Why do governments resist making the small investments that would make buildings and infrastructure safer? Why are individuals unwilling to insist on construction that makes their homes and businesses more hazard-resistant? The problem is: how can governments, investors, and individuals in the Caribbean region be persuaded to deal more wisely with natural hazards than they have to date?

The purpose of this paper is not to tell governments what actions to take to increase the safety and well-being of their citizens. They know. The purpose is to persuade them to take the actions they already know they should take with respect to natural hazards. A second purpose is to create a pair of synergistic and invincible forces— the governments and the people that interact to bring about a reduction in the impact of natural hazards in the Caribbean.

Reason for Concern

The need to pay special attention to natural hazards

Losses from recent major events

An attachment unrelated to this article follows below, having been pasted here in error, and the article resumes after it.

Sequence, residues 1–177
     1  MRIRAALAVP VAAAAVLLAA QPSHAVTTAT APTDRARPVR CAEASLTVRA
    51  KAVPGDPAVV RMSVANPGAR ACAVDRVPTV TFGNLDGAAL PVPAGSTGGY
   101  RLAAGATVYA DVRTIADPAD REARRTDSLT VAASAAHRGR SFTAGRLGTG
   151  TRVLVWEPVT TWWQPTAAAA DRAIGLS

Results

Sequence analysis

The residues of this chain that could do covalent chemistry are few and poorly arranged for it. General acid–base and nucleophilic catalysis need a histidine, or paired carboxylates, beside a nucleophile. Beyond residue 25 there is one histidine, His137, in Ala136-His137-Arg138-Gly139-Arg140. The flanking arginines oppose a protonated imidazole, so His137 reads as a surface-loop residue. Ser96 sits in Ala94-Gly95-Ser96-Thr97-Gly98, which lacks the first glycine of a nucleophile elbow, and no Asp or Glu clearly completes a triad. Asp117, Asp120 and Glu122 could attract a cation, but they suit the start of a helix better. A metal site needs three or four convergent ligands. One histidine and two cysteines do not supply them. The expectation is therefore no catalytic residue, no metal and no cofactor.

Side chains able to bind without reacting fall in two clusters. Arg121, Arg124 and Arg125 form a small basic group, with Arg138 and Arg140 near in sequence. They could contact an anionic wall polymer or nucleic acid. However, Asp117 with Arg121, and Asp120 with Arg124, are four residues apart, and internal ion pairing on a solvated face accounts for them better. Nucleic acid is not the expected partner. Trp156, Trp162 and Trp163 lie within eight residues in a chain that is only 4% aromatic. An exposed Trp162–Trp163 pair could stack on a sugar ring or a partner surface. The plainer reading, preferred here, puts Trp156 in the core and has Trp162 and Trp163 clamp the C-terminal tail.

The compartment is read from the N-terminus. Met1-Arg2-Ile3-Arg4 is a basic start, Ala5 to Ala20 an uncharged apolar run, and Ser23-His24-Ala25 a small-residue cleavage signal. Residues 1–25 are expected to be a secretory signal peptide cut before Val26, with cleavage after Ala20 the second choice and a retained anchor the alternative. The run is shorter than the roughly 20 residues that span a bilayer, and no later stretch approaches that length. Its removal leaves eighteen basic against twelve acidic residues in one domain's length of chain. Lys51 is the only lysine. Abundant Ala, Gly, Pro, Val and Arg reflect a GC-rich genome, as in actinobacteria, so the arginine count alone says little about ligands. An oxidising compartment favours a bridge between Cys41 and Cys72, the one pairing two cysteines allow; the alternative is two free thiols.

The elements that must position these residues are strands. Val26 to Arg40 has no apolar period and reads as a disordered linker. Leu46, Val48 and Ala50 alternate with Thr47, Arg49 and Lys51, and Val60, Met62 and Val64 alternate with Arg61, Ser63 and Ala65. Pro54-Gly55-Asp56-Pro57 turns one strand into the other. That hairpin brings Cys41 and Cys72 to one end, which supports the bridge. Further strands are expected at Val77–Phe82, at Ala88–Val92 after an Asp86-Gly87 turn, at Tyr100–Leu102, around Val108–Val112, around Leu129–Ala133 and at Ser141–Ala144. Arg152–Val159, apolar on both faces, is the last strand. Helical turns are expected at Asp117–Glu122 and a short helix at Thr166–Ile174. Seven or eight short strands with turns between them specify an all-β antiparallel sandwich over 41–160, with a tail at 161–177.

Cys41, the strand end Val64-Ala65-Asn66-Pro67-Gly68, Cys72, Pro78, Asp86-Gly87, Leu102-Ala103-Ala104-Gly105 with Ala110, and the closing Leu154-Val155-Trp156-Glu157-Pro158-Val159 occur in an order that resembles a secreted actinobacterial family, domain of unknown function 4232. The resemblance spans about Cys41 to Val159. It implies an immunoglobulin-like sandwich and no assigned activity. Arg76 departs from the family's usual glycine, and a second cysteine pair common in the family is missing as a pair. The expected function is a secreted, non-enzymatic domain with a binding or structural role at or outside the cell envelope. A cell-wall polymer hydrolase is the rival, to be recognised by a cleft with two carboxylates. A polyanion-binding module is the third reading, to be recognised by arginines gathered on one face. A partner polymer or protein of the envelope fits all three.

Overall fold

The levels of losses in major disasters demonstrate the economic importance of reducing vulnerability. Given the small size of Caribbean states, the impact of a major hurricane or earthquake can affect the entire national community.

As a result of high deductibles and under-insuring, insurance covers less than 50 percent of the losses caused by natural hazards. This proportion to insured losses is expected to become much worse (Figure 1).

Figure 1: Comparison of Economic and Insured Losses (Munich Re 97)

The cost of business as usual

Natural hazards can damage buildings and infrastructure causing a series of direct and indirect losses. The direct losses, borne by the property owner and partially offset by insurance payments, can be approximated by the cost of repair and reconstruction. The indirect losses arise as a consequence of disruption of production and services and spread through the entire economy. An example of this is what would happen to imports and exports if a seaport were out of service for an extended period. Indirect losses are difficult to estimate and can easily exceed direct losses.